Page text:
Inactivation of Protein Tyrosine Phosphatase Receptor Type Z by Pleiotrophin Promotes Remyelination through Activation of Differentiation of Oligodendrocyte Precursor Cells

Multiple sclerosis (MS) is a progressive neurological disorder associated with myelin destruction and neurodegeneration. Oligodendrocyte precursor cells (OPCs) present in demyelinated lesions gradually fail to differentiate properly, so remyelination becomes incomplete. Protein tyrosine phosphatase receptor type Z (PTPRZ), one of the most abundant protein tyrosine phosphatases expressed in OPCs, is known to suppress oligodendrocyte differentiation and maintain their precursor cell stage. In the present study, we examined the in vivo mechanisms for remyelination using a cuprizone-induced demyelination model. Ptprz-deficient and wild-type mice both exhibited severe demyelination and axonal damage in the corpus callosum after cuprizone feeding. The similar accumulation of OPCs was observed in the lesioned area in both mice; however, remyelination was significantly accelerated in Ptprz-deficient mice after the removal of cuprizone. After demyelination, the expression of pleiotrophin (PTN), an inhibitory ligand for PTPRZ, was transiently increased in mouse brains, particularly in the neurons involved, suggesting its role in promoting remyelination by inactivating PTPRZ activity. In support of this view, oligodendrocyte differentiation was augmented in a primary culture of oligodendrocyte-lineage cells from wild-type mice in response to PTN. In contrast, these cells from Ptprz-deficient mice showed higher oligodendrocyte differentiation without PTN and differentiation was not enhanced by its addition. We further demonstrated that PTN treatment increased the tyrosine phosphorylation of p190 RhoGAP, a PTPRZ substrate, using an established line of OPCs. Therefore, PTPRZ inactivation in OPCs by PTN, which is secreted from demyelinated axons, may be the mechanism responsible for oligodendrocyte differentiation during reparative remyelination in the CNS.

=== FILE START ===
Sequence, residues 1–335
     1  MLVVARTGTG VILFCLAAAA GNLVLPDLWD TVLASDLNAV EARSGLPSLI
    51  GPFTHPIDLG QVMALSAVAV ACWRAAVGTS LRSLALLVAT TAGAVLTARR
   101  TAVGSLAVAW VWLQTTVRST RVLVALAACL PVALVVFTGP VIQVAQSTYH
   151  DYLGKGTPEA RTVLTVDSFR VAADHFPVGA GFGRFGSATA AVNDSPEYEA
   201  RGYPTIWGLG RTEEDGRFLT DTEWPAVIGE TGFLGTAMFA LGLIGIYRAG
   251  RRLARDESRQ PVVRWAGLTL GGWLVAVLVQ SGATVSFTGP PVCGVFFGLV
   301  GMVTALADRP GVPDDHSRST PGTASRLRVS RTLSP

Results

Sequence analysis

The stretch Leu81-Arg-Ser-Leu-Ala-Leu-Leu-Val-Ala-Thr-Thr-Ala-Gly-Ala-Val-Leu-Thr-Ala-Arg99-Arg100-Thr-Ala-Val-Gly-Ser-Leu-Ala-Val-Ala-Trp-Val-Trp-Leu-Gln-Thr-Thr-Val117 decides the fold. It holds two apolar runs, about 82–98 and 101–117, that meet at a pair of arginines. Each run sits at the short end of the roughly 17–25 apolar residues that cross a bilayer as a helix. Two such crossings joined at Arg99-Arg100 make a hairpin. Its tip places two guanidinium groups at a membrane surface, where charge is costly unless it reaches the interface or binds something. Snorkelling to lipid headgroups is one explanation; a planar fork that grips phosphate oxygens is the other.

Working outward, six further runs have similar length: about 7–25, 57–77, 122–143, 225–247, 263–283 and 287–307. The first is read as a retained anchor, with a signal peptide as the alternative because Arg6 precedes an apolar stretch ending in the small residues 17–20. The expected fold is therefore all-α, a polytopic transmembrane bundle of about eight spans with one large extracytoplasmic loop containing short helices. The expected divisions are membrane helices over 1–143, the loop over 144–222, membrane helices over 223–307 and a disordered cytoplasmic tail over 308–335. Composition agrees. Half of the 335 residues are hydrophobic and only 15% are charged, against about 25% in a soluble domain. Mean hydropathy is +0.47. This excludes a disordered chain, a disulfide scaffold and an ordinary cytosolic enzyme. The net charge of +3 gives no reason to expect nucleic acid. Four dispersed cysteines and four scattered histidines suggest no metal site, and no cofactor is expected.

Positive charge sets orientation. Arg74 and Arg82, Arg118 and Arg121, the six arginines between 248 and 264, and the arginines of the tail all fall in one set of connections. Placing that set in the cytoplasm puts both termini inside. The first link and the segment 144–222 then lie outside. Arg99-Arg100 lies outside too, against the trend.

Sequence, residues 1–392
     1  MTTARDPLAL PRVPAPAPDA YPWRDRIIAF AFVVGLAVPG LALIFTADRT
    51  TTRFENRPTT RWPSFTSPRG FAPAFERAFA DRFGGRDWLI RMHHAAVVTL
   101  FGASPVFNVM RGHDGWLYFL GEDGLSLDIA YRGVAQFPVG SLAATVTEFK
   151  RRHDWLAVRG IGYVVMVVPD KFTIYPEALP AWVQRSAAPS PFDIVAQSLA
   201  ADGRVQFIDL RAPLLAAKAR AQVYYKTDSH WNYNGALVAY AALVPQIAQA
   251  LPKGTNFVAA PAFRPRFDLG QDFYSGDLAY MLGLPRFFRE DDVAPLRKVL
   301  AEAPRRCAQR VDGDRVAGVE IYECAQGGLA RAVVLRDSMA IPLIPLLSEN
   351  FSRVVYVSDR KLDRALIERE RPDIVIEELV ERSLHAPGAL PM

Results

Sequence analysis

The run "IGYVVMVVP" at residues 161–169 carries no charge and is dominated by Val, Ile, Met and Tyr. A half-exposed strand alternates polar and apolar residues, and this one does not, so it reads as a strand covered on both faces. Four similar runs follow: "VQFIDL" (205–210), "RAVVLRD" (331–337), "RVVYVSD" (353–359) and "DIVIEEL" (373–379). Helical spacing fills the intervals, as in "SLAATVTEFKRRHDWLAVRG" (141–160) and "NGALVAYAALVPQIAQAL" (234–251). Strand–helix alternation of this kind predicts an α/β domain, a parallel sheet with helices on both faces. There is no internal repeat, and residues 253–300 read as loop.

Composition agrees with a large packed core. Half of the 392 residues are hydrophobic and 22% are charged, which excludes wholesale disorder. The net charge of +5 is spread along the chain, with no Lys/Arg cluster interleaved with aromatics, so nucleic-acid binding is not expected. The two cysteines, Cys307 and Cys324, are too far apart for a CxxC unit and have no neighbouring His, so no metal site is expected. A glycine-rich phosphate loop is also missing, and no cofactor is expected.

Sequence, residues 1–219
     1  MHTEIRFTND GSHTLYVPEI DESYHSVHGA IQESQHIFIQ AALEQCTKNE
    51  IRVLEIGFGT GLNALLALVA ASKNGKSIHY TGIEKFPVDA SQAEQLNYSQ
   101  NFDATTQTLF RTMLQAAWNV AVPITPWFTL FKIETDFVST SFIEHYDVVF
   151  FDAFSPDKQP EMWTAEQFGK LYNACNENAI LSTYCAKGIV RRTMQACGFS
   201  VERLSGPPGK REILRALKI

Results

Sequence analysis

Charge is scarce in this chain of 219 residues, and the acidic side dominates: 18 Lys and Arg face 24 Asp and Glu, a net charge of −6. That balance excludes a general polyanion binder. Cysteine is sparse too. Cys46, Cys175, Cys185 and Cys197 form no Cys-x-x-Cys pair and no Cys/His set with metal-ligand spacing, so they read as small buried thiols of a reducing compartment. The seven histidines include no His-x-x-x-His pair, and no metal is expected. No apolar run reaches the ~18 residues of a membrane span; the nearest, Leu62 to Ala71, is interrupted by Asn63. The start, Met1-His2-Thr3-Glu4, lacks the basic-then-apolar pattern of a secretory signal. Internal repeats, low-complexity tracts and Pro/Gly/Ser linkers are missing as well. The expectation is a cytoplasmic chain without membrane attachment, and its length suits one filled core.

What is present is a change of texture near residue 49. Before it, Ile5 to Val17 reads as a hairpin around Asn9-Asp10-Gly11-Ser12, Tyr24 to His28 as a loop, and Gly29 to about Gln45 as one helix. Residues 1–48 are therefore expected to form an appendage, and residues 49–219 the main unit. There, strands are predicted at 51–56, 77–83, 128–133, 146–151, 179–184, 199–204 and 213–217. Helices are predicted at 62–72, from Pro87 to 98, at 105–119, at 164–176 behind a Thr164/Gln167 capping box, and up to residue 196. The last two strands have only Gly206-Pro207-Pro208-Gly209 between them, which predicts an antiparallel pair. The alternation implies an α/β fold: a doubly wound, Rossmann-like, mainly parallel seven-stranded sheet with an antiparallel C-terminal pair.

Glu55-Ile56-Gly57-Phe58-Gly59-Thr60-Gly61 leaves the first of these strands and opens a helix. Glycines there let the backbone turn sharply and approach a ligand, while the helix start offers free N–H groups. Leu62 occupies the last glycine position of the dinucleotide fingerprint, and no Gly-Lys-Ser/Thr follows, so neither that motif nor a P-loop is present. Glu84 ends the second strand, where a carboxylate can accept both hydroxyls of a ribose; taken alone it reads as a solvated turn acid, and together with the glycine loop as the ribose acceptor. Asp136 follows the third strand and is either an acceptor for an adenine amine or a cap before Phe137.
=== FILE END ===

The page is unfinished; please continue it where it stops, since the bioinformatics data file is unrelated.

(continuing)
via Journal of Neuroscience


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